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Silver Market Morning

New York closed Wednesday at $1,653.60 and slipped in Asia and London to $1,643.55 ahead of London’s Fixing. The euro was weaker from the start at €1: $1.3129 nearly a full cent weaker. Gold Fixed it at $1,642.50 down $10 and in the euro at €1,251.238 down €6.5, while the euro stood at €1: $1.3127. Ahead of New York’s opening it stood at $1,644.25 and in the euro €1,251.71 while the euro was at €1: $1.3136.

Silver was$30.65 at the close in New York but opened in London at $30.41. Ahead of New York’s opening it stood at $30.38.


Silver (very short-term)

Silver’s trading range should continue to narrow, with a weaker bias, in New York.

Price Drivers

Each day we watch the gold price pressed down in Europe then lifted in New York after some gyrations both ways. This is why we have been highlighting the way the short-term factors have been clashing with long-term factors in a massive consolidation phase punctuated by short-term consolidation periods.

The two forces are now closing in on each other, taking gold and silver prices to the tip of a pennant formation that will take gold to a breakout, one way or the other in a very strong move. However, each day we may see price feints and give us small, dummy moves that mislead investors into thinking that it is happening.

The short-term factors are the Eurozone crisis events, regular jobs figures in the U.S. and the steady drip of information that we receive each day. The long-term factors are central bank and Asian demand.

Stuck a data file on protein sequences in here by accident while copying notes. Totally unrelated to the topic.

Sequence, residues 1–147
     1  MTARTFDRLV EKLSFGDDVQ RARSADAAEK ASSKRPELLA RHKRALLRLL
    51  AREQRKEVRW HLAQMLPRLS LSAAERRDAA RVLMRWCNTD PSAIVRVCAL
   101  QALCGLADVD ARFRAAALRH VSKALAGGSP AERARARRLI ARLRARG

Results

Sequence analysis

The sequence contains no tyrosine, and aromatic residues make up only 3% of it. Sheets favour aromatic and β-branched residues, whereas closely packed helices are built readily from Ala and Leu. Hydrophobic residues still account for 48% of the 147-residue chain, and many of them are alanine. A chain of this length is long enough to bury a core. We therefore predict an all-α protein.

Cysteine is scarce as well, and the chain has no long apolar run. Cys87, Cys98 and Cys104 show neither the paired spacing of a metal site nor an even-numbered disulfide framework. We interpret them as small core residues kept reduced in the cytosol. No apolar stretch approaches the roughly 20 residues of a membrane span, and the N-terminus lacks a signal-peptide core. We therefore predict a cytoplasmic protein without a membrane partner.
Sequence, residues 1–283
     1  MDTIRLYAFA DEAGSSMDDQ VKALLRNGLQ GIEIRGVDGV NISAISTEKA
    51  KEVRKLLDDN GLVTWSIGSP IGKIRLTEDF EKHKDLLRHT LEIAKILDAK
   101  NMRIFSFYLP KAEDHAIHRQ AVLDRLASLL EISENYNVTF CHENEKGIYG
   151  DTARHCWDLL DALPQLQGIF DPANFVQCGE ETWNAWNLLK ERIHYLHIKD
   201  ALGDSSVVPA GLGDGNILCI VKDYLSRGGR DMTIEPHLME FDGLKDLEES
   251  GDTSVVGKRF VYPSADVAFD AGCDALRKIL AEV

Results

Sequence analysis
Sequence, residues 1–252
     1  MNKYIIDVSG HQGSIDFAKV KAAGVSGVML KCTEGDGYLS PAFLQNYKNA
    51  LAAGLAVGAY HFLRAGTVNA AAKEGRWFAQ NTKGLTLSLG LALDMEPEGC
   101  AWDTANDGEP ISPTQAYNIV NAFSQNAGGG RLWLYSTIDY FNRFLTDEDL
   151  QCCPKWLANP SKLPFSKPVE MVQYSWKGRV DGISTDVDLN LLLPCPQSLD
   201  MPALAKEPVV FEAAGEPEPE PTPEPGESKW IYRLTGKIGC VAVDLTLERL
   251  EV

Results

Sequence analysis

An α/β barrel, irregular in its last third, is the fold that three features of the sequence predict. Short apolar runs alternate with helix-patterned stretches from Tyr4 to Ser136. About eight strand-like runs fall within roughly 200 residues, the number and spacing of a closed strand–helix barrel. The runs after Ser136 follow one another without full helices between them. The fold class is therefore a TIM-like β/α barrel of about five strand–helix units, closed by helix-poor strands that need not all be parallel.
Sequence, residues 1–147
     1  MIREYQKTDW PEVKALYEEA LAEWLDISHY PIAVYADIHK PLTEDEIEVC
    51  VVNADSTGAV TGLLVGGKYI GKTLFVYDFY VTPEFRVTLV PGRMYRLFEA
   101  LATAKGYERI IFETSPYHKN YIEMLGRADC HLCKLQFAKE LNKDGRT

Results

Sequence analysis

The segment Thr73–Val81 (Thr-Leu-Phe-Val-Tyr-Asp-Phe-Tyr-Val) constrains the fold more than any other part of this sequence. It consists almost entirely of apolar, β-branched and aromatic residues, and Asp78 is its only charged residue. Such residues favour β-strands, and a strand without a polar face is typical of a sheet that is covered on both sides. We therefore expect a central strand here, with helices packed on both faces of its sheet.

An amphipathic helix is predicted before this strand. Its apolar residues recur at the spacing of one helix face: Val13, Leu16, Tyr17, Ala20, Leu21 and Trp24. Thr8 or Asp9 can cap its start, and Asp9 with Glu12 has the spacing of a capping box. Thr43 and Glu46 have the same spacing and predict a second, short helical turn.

But the clash between the two is not simply their weight of buying and selling but the difference between the short and long term buyer’s motives in doing so. Short-term traders are driven by profits either way. If they are to be made on the short side or the long side, so be it. That’s the way they will go. Hence, if long-term investor’s weight of long-term buying pushes traders out of their positions, traders will switch direction and go with them. The position now is that the last few weeks and months the weight of buying and selling has been coming into balance. But more is at stake then simply short-term profits, the establishment of direction for the next year and more, will be decided by the next big move. Will buying sag or will it rise? Whichever way it goes, the move could happen at any time! [To follow our weekly commentary, please subscribe to our newsletters at and at]


Julian D.W. Phillips for the Gold & Silver Forecasters

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